Web Analytics & Search: What’s Happening to My Traffic?

You’ve spent $10,000 on your new web site design. 25 hours creating all the cool social media links for people to find you. Maybe you even bought 10,000 pay-per-clicks. But if you can’t figure out what’s happening to your traffic, all that earlier time and money is wasted. So what now?

First, it’s important to remember that the number that really matters is your bottom line. Then, turn to web analytics and look for the answers.

Using Analytics to find the answers:

You need analytics to help you understand what’s happening on your site. To gain that information, you need some way to track the analytics. Since there are plenty of blogs with detailed information this is only an overview:

  • Your hosting provider: Many hosting companies provide a built in traffic analysis program. Webalizer and Awstats are two excellent examples. If your provider offers one of these programs, log into your online hosting account and take advantage.
  • Java script trackers: You can find free java script trackers in several places on the web, such as the one offered at www.histats.com. Paid services offer them as well, and may provide more information. To see your statistics, sign up with the site, install your java code and then log in. (search term: java script trackers)
  • Access logs: Every site has access logs, but they usually look like a bunch of nonsense. However, you can use installed computer programs, such as the one at www.openwebscope.com to analyze the logs and get a visitor activity report. There are several free and paid versions available. (search term: web server log analyzer)
  • Google Analytics: Google offers a free Java Script program for tracking visitors, conversions and many other metrics. Start a Google account, add the script to your website and log in to see the statistics. (This is my preference over the other systems. The why’s are the subject of another post)

Understanding Your Web Analytics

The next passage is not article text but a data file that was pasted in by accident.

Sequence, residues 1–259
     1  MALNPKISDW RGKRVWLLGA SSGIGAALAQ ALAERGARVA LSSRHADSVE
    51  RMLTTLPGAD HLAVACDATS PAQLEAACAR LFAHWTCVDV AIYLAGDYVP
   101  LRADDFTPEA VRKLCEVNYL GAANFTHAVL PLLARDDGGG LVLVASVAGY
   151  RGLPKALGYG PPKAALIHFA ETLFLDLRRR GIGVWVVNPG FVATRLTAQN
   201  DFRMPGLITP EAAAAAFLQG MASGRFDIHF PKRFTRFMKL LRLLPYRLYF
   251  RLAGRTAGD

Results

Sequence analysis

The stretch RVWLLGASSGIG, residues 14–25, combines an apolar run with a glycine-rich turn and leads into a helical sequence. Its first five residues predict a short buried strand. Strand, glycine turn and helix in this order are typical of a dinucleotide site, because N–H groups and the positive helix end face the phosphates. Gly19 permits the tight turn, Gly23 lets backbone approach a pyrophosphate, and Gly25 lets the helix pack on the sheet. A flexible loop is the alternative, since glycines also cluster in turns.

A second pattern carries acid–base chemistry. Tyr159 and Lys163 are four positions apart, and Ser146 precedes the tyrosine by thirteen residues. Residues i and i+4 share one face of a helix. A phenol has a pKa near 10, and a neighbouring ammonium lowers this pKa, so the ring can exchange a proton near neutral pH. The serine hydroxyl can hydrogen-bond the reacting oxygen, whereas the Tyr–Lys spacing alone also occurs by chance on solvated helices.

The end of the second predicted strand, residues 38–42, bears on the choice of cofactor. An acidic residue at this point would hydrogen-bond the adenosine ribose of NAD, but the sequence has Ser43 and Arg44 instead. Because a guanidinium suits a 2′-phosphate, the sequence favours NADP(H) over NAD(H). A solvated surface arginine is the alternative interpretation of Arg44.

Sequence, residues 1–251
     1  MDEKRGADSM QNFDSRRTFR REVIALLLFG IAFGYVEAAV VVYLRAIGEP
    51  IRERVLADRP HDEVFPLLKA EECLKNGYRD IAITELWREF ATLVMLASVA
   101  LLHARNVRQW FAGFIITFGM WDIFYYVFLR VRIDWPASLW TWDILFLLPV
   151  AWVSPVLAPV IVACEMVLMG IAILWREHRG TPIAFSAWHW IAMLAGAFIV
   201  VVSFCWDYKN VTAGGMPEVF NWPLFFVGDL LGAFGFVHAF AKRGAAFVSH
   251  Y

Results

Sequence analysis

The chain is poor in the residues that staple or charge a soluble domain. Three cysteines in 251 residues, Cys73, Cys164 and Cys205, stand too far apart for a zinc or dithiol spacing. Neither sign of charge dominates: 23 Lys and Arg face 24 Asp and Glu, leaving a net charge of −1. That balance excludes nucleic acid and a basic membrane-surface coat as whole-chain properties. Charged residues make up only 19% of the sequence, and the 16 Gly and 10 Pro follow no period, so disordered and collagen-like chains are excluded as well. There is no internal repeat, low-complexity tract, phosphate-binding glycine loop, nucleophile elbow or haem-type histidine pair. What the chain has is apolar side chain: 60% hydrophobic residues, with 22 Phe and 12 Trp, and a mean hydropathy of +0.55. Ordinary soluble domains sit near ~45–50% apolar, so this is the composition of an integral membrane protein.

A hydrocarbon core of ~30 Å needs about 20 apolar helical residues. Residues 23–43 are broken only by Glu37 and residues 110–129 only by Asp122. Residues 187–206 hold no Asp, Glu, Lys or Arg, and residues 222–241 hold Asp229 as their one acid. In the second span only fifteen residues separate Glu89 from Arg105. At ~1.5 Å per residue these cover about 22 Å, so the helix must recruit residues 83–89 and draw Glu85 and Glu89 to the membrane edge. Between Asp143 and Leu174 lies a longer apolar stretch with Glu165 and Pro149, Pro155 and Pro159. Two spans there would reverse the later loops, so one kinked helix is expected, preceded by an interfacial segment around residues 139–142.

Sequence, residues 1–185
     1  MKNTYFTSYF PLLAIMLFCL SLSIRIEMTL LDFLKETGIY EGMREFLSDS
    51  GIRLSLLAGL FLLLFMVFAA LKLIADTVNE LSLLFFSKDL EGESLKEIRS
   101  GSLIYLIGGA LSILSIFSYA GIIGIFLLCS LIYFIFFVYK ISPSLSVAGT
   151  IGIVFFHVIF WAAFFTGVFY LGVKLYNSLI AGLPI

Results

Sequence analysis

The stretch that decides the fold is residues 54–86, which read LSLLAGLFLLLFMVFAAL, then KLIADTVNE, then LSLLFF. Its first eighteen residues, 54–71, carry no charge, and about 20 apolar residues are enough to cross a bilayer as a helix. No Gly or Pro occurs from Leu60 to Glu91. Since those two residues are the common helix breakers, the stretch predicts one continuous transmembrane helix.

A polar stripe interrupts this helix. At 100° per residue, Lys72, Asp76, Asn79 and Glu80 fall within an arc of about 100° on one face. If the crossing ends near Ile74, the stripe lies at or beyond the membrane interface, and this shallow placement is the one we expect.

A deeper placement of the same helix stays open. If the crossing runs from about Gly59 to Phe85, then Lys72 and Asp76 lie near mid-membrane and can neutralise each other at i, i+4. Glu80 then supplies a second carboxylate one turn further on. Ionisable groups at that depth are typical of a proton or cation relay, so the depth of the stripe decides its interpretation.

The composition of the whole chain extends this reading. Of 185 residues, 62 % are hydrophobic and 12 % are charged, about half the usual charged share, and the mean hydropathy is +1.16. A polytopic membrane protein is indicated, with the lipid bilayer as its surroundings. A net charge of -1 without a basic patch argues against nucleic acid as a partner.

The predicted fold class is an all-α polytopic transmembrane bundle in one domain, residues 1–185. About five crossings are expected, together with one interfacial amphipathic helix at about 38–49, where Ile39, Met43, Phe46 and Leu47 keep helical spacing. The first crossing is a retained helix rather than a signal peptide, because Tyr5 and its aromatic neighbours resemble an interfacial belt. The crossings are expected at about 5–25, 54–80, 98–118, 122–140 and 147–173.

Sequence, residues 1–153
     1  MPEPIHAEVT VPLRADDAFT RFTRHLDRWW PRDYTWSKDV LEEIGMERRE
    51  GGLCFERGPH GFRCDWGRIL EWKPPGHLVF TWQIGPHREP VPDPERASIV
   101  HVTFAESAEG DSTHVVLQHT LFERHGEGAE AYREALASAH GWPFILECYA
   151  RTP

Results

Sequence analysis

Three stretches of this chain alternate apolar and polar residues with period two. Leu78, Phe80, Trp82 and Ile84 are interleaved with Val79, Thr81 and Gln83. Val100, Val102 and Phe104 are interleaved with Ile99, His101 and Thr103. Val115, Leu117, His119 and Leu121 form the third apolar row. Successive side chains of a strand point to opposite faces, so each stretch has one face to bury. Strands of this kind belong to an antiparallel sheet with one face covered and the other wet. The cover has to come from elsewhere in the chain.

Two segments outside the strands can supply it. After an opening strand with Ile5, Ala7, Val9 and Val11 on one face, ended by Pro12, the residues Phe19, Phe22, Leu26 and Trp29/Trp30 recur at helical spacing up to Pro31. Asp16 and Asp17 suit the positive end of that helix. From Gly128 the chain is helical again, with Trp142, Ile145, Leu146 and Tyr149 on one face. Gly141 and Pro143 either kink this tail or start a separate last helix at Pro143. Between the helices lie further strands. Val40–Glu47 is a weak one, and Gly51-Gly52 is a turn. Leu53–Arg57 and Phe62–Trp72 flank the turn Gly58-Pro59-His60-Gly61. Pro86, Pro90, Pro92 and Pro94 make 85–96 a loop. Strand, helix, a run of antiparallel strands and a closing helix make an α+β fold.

Once you decide which form of web analytics tracking program you’re going to use, there are a few things to learn:

  1. All Traffic SourcesHits – Forget about them. Especially on your hosting provider’s analytics program, you might see anywhere from 10 to 10,000 hits per day or more. However, “hits” simply refers to how many times someone requests a file. The problem is that each web page offers several files, such as the page itself, all the graphics, the design files, etc, so the program will register several hits just for that one page visit.
  2. Unique Visitors – This is a statistic you can grab on to and watch. Although it’s NOT a precise number, it offers a good estimate of how many unique visitors actually reached your site in a day. You can find your conversion rate by comparing how many visited to how many orders/ inquiries (insert your goal, i.e. what you want your visitors to do) you received.
  3. Referrers – Where did your visitors come from? Did they just type in your URL or did they follow a link from another website? Knowing which websites – and what type of websites – actually brought traffic can help you with your link building efforts.
  4. Search Terms – Search engines are also considered referring sites. However, the important information you gain from search engine tracking is the terms visitors use to get to your website. Pay close attention to the terms they use. You may be pleasantly (or unpleasantly) surprised by what you find. If the terms have nothing to do with your site, or if your important keywords aren’t being used, you’ll need to adjust your content and keyword focus.
  5. Entrance/Exit Pages – Which pages do visitors land on first? Which pages do they most commonly leave from? Where do they go while they’re on your site? Good web analytics programs will give you this information, which helps you find weak spots in your content and page layout. If they aren’t following a sequence that leads to your goal page, these statistics will give you an idea of what needs to be optimized.

Web analytics tracking gives you a helpful overview of your website’s weak and strong points. The information you’ll gain shows you, not only where to make the changes, but the best way to make changes for better traffic, higher conversions and, ultimately, a stronger business.

Now go crunch those numbers and make them count.

Reader interactions

2 Replies to “Web Analytics & Search: What’s Happening to My Traffic?”

  1. Wow, great information! I’m going to have to check this out for my website.
    Thank you for the thorough post!

  2. Thanks for this, Massimo. Great info and tips. I always find the Referring Sites so eye opening. Love to see which LINKS and which campaigns bring in the HIGH quality traffic.

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